His strategy of fighting back by attacking the press might not have worked as well in the pre-Trump era, Franklin, the Northwestern University professor, said.
“I think it’s becoming more possible today than it ever has been, because of how partisan it is, because of the echo chamber effect and the filter bubble society that we increasingly live in,” said Franklin, a former top editor of The Baltimore Sun, among other papers.
But not all Republicans are persuaded by Moore’s denials and attempts to blame the Post. Senate Majority Leader Mitch McConnell (R-Ky.) made no reference to the Post in simply declaring that he believes the women who are making accusations against Moore. Many other mainstream Republicans, who weren’t completely sold on Moore in the first place, have signaled their concerns about the allegations, as well.
The Post reporters who wrote the original story on Moore’s accusers seemed to anticipate the type of blowback that Moore has engaged in — and went to great pains to inoculate their story against any criticism. The reporters explained in the article how they started working on the story their methodology, and how they approached each of the women who accused Moore of wrongdoing.
Bill Grueskin, a Columbia School of Journalism professor who previously served as one of The Wall Street Journal’s top editors, said he couldn’t recall a story that had so carefully explained how it came to be and bullet-proofed itself. It’s like the reporters had “this checklist of how people tried to disparage or diminish a story about a politician,” Grueskin said, and “checked off each one to make sure it wouldn’t apply in this case.”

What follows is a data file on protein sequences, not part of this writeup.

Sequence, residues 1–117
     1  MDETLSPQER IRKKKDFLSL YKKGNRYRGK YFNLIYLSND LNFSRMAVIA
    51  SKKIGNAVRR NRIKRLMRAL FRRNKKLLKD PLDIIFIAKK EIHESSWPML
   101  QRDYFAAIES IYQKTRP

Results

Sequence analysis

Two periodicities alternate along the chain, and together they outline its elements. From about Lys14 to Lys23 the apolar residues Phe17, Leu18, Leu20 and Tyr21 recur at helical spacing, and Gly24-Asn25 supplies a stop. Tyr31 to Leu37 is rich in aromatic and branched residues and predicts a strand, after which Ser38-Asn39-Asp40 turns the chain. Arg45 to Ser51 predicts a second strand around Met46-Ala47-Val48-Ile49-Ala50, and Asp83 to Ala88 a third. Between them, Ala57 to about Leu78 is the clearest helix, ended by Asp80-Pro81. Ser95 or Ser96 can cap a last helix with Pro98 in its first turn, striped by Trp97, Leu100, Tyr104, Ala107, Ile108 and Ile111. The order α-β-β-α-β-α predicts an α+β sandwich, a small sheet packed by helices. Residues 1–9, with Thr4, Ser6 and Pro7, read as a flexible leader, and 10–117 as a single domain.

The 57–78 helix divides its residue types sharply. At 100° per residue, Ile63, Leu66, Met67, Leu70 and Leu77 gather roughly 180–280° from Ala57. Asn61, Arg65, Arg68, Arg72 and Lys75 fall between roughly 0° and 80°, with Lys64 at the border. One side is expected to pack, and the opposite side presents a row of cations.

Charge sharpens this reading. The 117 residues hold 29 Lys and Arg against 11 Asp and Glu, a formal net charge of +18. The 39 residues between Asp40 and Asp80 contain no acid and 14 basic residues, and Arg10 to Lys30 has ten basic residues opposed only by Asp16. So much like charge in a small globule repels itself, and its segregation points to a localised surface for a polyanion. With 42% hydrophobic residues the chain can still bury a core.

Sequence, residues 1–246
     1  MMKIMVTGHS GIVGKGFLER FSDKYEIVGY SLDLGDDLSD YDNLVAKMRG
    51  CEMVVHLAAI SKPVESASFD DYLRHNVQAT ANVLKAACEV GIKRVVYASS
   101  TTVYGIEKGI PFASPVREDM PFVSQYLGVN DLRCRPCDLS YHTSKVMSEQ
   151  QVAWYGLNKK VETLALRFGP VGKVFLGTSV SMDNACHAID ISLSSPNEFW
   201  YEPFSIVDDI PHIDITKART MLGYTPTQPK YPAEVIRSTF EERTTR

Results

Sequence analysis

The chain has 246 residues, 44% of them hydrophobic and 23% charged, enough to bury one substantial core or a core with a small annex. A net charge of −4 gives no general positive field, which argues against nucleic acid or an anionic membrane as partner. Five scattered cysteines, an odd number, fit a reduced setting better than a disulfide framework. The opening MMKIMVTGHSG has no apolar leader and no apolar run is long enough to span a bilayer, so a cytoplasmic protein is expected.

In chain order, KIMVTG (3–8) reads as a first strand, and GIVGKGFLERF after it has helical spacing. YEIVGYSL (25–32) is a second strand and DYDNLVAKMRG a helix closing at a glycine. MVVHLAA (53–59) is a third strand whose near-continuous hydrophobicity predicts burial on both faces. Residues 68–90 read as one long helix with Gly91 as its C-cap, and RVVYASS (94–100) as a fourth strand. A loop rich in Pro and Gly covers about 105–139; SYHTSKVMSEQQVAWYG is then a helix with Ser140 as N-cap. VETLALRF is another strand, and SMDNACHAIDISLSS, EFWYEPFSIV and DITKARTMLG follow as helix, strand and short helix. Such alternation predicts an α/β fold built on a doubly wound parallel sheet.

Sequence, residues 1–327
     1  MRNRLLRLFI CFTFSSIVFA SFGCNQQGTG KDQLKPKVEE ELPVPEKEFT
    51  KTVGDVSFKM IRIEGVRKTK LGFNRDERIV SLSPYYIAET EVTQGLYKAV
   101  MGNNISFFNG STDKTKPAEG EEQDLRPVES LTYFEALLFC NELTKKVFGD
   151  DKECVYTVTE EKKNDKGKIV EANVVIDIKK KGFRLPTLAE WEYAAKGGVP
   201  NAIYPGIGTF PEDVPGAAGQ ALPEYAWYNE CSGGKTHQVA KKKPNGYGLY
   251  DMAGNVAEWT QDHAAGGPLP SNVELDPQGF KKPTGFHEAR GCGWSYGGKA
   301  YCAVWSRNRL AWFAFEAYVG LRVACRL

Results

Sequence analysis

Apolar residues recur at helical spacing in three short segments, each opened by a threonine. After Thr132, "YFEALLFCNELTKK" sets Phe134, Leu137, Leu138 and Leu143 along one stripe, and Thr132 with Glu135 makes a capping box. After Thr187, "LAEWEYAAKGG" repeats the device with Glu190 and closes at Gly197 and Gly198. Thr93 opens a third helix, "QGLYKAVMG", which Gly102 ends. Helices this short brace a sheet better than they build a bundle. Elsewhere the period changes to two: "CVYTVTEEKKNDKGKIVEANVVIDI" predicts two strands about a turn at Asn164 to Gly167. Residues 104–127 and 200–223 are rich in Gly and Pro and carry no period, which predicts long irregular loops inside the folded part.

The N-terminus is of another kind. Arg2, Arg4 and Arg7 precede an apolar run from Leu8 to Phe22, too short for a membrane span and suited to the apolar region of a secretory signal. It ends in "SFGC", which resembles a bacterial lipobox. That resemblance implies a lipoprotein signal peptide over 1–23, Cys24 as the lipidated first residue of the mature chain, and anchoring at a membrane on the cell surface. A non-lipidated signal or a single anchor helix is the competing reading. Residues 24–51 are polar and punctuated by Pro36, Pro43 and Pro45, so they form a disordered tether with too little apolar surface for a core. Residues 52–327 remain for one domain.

“It’s a brilliant move, and it’s something I would want to teach here at Columbia Journalism School,” Grueskin said. “The Republican political establishment that you would expect to come to Moore’s defense has been basically left open-mouthed. They don’t have the kind of tools in their toolbox they would normally use to diminish a story like this.”
What’s different now, though, is that there’s a bulwark outside the traditional Republican Party backing up Moore. Even as the establishment Republicans have abandoned Moore, Breitbart News and its leader, Bannon, have doubled down on him, attacking the Post’s credibility.
From the jump, Breitbart has sought to discredit the Post, publishing a story with Moore’s denial before the Post even put out its original story. Its headlines have focused on how the Post’s editorial page — which is unrelated to its news coverage — endorsed Moore’s opponent. On Friday, the site published a story headlined, “EXCLUSIVE — Mother of Roy Moore Accuser: Washington Post Reporters Convinced My Daughter to Go Public.”
Persuading a source to go on the record is a standard journalistic practice. The Post had explained how it did just that in its story, but Breitbart portrays the reporters as engaging in “activist behavior.”
Over the weekend, Axios reported that Breitbart was sending two reporters to Alabama to attempt to further discredit the Post. And Bannon explicitly tied the Post’s reporting on Trump to its reporting on Moore. “The Bezos-Amazon-Washington Post that dropped that dime on Donald Trump is the same Bezos-Amazon-Washington Post that dropped the dime this afternoon on Judge Roy Moore,” Bannon said Thursday at a fundraiser in New Hampshire.
And so, Moore fights on, even as another woman accused him of sexual assault in a news conference on Monday.
“It is kind of hard to believe,” Grueskin said. “You’d think most people who are in this position would drop out the next day.”